This
interpolate (0,0) (1,1) (2,5) - Wolfram|Alpha
shows an example which might be useful.
You will probably get good results using 4 or 5 of your points. Just experiment and see how well it works in practice.
Hi,
Since I'm a musician and dont know that much about mathematic things I need your help!
I'm looking to find a way to get a formula (third degree equation?) based on the following data.
I need a formula because I want to use it in a max/msp environment because the input X needs to change to a Y but its not linear.
The VolumeSlider can only get 0.0 - 1.0 in but needs to move the slider to the corresponding dB place (-70 till +6dB).
(image of Ableton VolumeSlider)
I have some 'snapshots' of corresponding data and plotted them in a graphic thing. (see screenshots)
(table 1)
VolumeSlider (0.0 - 1.0) VolumeMeter (-70 - +6 dB) 0.000 -70 0.035 -60 0.104 -48 0.187 -36 0.238 -30 0.302 -24 0.400 -18 0.550 -12 0.700 -6 0.850 0 1.000 6
But because of the conversion IN the VolumeSlider I also need an OUT conversion. Which is a flip of the above data. (I subtracted -6 dB of all the VolumeMeter because of some sort of offset in maxmsp function window. Couldn't specify a range between minus and some plus above thing. Random).
(table 2)
VolumeMeter (70 - 0 dB) VolumeSlider (0.0 - 1.0) 0 1.000 6 0.850 12 0.700 18 0.550 24 0.400 30 0.302 36 0.238 42 0.187 54 0.104 66 0.035 76 0.000
But I want some sort of formula based on these two tables so I can use it fluently. I need some sort of "best curve fitting" thing of "trendline" based on these two tables.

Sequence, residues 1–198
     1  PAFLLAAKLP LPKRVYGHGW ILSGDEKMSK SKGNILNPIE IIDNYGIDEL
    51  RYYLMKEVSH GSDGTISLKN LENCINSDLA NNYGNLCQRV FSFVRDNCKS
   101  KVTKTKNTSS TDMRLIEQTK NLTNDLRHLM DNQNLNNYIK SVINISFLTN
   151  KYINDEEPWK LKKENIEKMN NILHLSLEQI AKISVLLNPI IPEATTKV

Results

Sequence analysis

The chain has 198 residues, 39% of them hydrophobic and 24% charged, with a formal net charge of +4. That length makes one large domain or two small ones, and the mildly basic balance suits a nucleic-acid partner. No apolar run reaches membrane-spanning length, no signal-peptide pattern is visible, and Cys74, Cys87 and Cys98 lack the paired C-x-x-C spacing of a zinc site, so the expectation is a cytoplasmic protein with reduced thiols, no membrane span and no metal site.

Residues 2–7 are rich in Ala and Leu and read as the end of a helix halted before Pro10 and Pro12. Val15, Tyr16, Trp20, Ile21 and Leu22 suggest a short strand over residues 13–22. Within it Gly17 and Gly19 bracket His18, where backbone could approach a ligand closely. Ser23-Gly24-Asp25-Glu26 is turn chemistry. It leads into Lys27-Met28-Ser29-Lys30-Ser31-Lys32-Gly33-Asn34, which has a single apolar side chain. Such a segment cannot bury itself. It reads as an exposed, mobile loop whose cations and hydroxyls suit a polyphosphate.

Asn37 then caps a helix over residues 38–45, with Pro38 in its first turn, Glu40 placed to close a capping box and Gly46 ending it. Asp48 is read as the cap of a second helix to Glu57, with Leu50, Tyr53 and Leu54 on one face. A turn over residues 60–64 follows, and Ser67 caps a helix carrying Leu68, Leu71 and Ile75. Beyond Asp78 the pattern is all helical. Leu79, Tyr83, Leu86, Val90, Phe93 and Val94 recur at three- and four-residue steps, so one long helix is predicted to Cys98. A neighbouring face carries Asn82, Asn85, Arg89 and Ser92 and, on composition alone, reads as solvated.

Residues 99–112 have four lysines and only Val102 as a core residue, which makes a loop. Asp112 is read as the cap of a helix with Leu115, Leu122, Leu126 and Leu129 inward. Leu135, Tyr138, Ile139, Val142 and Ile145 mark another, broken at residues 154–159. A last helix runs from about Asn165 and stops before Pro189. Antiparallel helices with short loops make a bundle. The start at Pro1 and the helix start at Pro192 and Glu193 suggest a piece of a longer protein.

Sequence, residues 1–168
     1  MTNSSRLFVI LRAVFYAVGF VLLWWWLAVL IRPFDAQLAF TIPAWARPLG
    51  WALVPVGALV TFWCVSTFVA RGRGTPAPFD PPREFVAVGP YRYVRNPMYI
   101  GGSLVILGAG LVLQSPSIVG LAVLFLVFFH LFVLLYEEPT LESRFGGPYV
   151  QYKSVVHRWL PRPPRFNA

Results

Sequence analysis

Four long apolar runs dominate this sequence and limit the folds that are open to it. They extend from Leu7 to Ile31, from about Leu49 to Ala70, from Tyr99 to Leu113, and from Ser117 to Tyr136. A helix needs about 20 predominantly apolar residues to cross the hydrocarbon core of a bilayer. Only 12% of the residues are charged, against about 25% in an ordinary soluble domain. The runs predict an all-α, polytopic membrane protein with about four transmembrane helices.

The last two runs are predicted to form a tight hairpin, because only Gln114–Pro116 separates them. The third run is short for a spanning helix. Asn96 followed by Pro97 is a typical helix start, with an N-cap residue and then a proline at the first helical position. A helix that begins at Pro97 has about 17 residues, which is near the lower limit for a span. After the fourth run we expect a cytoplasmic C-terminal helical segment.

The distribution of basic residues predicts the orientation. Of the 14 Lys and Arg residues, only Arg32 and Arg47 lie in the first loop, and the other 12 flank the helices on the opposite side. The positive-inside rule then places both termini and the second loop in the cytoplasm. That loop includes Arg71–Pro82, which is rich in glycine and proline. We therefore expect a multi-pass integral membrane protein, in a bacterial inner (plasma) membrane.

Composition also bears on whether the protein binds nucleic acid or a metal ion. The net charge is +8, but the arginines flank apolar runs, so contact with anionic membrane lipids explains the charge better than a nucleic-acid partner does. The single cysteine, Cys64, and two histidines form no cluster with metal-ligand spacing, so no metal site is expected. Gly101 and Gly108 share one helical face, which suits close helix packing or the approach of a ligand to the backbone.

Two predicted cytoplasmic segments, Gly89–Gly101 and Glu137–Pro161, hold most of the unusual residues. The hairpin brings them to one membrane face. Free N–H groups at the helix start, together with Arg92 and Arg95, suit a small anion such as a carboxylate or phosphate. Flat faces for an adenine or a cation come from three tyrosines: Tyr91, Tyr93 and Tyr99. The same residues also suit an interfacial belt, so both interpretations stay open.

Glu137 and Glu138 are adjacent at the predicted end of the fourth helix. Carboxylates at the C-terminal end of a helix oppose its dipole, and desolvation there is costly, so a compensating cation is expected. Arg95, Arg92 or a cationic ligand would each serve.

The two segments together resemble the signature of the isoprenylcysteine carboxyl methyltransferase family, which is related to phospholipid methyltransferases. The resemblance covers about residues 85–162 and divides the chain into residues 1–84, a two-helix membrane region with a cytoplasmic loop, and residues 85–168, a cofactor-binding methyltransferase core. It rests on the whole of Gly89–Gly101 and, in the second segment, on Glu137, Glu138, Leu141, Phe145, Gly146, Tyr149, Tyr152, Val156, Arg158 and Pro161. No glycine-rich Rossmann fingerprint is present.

Hopefully you guys can help me out!
This
interpolate (0,0) (1,1) (2,5) - Wolfram|Alpha
shows an example which might be useful.
You will probably get good results using 4 or 5 of your points. Just experiment and see how well it works in practice.
thanks for giving me a great website for using this stuff. nonetheless it gives me an idea of a good representation of a formula.
here are some results.
but how can i use this thing. it gives me a 'bumb' between the 0.8 and 1.0?
(click here for original data from wolfram)
Glad to see my post was sufficient to get you started.
The point about using fewer points is that will get a simpler polynomial and the results will I suspect be indistinguishable to our ears.
Edit: I missed your comment the 'bump'.
You could add a suitable point at 0.9.
Just play around with it. Add points, leave points out. Find out how few points you can have and still get a good
result.